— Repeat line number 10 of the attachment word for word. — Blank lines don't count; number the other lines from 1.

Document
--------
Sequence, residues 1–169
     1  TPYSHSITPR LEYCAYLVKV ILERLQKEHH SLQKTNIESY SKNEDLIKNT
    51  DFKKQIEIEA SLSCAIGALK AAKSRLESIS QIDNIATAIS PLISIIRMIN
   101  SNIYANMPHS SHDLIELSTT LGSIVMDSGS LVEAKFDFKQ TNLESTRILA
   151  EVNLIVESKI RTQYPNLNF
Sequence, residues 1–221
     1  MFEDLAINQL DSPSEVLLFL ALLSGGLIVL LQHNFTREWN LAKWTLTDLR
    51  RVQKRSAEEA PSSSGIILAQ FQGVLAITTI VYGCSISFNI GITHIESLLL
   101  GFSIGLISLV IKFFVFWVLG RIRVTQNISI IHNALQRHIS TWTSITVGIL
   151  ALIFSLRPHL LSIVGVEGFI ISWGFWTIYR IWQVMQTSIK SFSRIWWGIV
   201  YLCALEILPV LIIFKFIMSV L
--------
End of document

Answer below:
   151  ALIFSLRPHL LSIVGVEGFI ISWGFWTIYR IWQVMQTSIK SFSRIWWGIV